So, does this count as a Fortnite toy?
An attempt to resume a quiet civilian life is cut short for John Wick when Italian gangster, Santino D'Antonio, shows up on his doorstep and compels him to repay past favors. Chaos unfolds as John soon realizes there is a bounty on his head. Highly skilled in hand-to-hand combat, John Wick is also a master tactician and marksman who will do what he needs to survive.
Honestly, John Wick Chapter 2 was not as good as the first movie, but it was still better than most action movies, and about 40 times more stylish. The original was all about justified revenge; with that out of the way, Chapter 2 had to re-justify itself, but it felt emptier. Still, a John Wick is a John Wick, so it doesn't matter which particular movie it's from. If JW2 is the one Mezco got the license for, then so be it!
The original script was pitched as "the worst man in existence finds salvation," and the John Wick character would have been in his late 60s - by using an actor who audiences would recognize from other action movies over a decade removed, the filmmakers were able to cheat the age down a little and still get the point across.
John Wick was played by Keanu Reeves, in his... what, second? third? career comeback. You had the Bill & Ted-era Keanu, then Speed, then The Matrix, and now this. The One:12 Collective line offers some stunning portraiture on its toys, and just like Gal Gadot, this Keanu sculpt looks great. You get your choice of heads: either calm and clean, or tired and bloody.
The thing that keps me away from the One:12 figures usually is the inability of a cloth costume to adequately depict superheroic anatomy - they look like kids wearing pajamas. But a live-action character wearing a bespoke suit? Now that works as softgoods! John's suit is intentionally simple: no embellishments, no patterns,
no colors, nothing to draw attention to this assassin. The jacket is single-breasted, with notch lapels and flap pockets (faked on this toy, because real things would be too bulky at scale). The pants appear to be pleated, when they should really have flat fronts. He's wearing a black shirt, a tie, and a vest, which are all separate pieces on the toy. Even his belt is its own little thing! All the buttons on the clothes (two on the jacket, four on each sleeve, five on the vest) are faked, not functional: they merely simulate the look. And this isn't even faked like Spidey's jacket was: if you take the coat off, there's a full vest beneath. If you take it all off, will he have all John Wick's back-tattoos painted on there? I don't know, I'm not trying to wrangle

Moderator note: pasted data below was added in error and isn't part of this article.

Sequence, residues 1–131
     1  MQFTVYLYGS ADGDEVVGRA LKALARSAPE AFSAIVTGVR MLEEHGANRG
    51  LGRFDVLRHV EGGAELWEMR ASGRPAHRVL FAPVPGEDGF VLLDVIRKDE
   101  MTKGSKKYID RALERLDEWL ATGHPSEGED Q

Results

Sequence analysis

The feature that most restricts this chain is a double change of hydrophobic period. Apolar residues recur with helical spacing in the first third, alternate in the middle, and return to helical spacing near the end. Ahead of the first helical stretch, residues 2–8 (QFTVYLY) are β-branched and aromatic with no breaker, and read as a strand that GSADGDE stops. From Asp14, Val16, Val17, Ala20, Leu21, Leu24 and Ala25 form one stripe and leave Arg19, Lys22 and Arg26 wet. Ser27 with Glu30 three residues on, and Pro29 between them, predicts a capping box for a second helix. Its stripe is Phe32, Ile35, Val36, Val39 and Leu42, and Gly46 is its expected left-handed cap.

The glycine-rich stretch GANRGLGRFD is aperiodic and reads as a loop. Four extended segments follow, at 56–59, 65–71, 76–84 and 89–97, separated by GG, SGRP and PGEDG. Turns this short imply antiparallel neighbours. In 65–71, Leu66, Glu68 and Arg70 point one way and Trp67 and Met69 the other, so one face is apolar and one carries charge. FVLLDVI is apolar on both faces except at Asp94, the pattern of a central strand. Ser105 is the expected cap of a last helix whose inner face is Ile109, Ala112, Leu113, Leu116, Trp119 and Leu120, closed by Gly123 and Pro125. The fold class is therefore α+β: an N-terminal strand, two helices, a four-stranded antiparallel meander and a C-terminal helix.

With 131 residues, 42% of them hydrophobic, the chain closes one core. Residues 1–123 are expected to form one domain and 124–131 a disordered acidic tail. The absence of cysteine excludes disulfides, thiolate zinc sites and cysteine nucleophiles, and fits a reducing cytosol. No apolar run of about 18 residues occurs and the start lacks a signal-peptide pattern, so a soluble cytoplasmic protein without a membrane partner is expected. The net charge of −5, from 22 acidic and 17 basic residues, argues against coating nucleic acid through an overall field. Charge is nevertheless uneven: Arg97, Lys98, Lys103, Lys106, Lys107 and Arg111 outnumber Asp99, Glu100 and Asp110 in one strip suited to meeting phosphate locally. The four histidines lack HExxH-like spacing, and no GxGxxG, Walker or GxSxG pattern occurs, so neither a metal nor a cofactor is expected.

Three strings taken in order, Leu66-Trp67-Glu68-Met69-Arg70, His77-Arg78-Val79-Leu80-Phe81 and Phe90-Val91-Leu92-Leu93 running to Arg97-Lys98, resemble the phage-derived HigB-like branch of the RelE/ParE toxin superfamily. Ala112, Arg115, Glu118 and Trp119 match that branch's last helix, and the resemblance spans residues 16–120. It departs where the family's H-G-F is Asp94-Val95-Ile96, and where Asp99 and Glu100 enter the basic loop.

all these tiny clothes off my new doll. The set includes his Manero AutoDate wristwatch, but it's packaged separately in the tray, so you'll have to put it on yourself.
Soft clothes mean the articulation is unimpeded. Mostly unimpeded. No more than a real suit would impede a real body. John moves at the ankles, knees, thighs, hips, waist, chest, wrists, elbows, shoulders, and neck. There's a sheet of paper warning you not to flex the body farther than the clothes want to go, lest you rip them, but don't think that means John's poseability is limited - common sense will et you know when you're pushing things more than you should.
The big appeal of One:12 Collective figures can
be found in their accessories - you don't buy 'em for their clothes, you buy 'em for their stuff. And oh-ho-ho-ho-boy does John Wick have stuff! He's got a display stand consisting of a large flat disc and a clear adjustable posing arm, but that's just the start of things. For instance, since this figure is based on the second movie, John includes the pit bull he rescued from the animal shelter. The unnamed dog (played by an actor named Burton) is a static piece, without even a simple swivel at the neck. Would hiding a balljoint in the dog's collar really have been so difficult?
But that good boy is just the icing on the cake. John Wick being John Wick, you know he's going to need some weapons, so this toy